23-year-old former Sergeant in an Israel Defense Forces (IDF) unit in the Nablus area.
My name is Frima, I’m 23 years old. I was originally from Jerusalem and today I’m living in Tel Aviv working for Breaking the Silence.
I did my military service between 2013 and 2015 in the Nablus region; I served in the civil administration. The civil administration is basically the bureaucracy of the occupation, behind the scenes of everything that goes on in the West Bank and my job was specifically in an operations room in the Nablus region.
Maybe I will say one word about where I came from? I grew up in Jerusalem to a religious family, a modern-orthodox, Jewish family, so I wasn’t supposed to go to the military. If you are a religious woman you can abstain from service, but I wanted, well, at least in high school, I wanted very much to serve, and throughout time I learned more about what is happening in the territories and about the occupation, and I decided that the right thing for me to do was to go and serve, especially in the West Bank.
I think, like a lot of soldiers in Breaking the Silence, I had the idea that I would be the good soldier in the bad situation. I think that the reason for me, that I decided to join Breaking the Silence and give testimony is that what I experienced is this very strong clash of values. I was being raised on religious values of respecting other people, and not doing any harm to anyone, and then what I saw throughout my service is the system of occupation and how it controls the every day life aspects of Palestinians. Whether it is movement, whether it is their ability to visit family, their ability to go to work and to have a dignified life. But I think that the most powerful thing for me was to see settlers in the West Bank, and specifically in the Nablus region where there are a lot of very extreme settlers. The violence that they commit against Palestinians or their property is not taken care of, so the law is not enforced on them, definitely not in the way that it is enforced on Palestinians, who are under military law. Also just to see that these are people that define themselves as religious people, who believe, and wear a kippah and who are supposed to respect Shabbat, and all these rituals, but when it comes to harming Palestinians or their property…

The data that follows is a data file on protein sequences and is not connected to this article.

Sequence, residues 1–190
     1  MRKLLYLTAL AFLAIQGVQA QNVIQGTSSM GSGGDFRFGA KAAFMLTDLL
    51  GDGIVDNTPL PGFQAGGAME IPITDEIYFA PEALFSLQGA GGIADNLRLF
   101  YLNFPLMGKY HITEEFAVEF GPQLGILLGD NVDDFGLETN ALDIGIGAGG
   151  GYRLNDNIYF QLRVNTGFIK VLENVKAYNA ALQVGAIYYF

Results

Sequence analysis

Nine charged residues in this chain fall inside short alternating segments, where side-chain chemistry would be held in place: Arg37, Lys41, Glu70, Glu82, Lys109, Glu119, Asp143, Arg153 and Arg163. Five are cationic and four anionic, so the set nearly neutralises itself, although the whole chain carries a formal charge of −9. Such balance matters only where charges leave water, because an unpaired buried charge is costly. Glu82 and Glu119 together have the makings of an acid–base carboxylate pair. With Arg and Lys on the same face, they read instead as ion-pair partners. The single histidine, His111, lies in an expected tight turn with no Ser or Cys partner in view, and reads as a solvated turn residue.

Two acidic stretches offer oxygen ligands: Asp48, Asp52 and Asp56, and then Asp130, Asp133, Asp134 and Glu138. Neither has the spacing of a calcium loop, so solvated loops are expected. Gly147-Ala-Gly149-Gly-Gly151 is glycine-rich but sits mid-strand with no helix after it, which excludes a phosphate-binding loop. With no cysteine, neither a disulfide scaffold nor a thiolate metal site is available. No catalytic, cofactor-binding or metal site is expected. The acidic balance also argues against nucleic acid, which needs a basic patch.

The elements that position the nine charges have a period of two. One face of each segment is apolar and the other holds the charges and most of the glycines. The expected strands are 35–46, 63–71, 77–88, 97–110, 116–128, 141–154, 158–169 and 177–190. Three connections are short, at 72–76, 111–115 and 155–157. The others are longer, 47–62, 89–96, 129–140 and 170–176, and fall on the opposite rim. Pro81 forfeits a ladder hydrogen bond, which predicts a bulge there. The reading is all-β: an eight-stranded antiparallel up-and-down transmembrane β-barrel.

Suddenly we will see a situation where we get a complaint from a Palestinian in one of the villages, who in the middle of the night on Friday night, which is Shabbat, hears the sound of an electric saw. So soldiers go out there in the middle of the night and they find a settler, cutting down olive trees with an electric saw on Shabbat, when according to Jewish law, you are not supposed to use electricity. So things like that – or even just children that go out to the junction and throw stones on Shabbat at Palestinian cars.
People who are identifying themselves as religious Jews, and speaking kind of on my behalf as the Jewish people, the Jewish country, all these ideals, but are willing to bend those rules when it comes to harming Palestinians or their property. And I think that my friends and my family, and the place that we come from, we don’t talk about this. We don’t talk about it in Israeli society at large. So I wanted to talk about it and tell people that this is happening in our name.
It’s not just some extremists here are there, it’s a system that allows that to happen and we have to do something about it. This is part of the occupation. It’s not just violent civilians that the police can take care of, it is part of the system, it is part of what the occupation allows.
Because of the occupation we have violence. It is a cycle of violence going back and forth so, of course, Israeli people are also hurt by this. Terrorist attacks, and soldiers having to go and guard these settlements and risk their lives, and go into Gaza every two years and get killed. So of course we are victims, but we are not the ultimate victims.
We are not talking about the conflict at large, we are talking about occupation, and in occupation there is the occupier and the people who are occupied. We are the occupiers and we have the responsibility.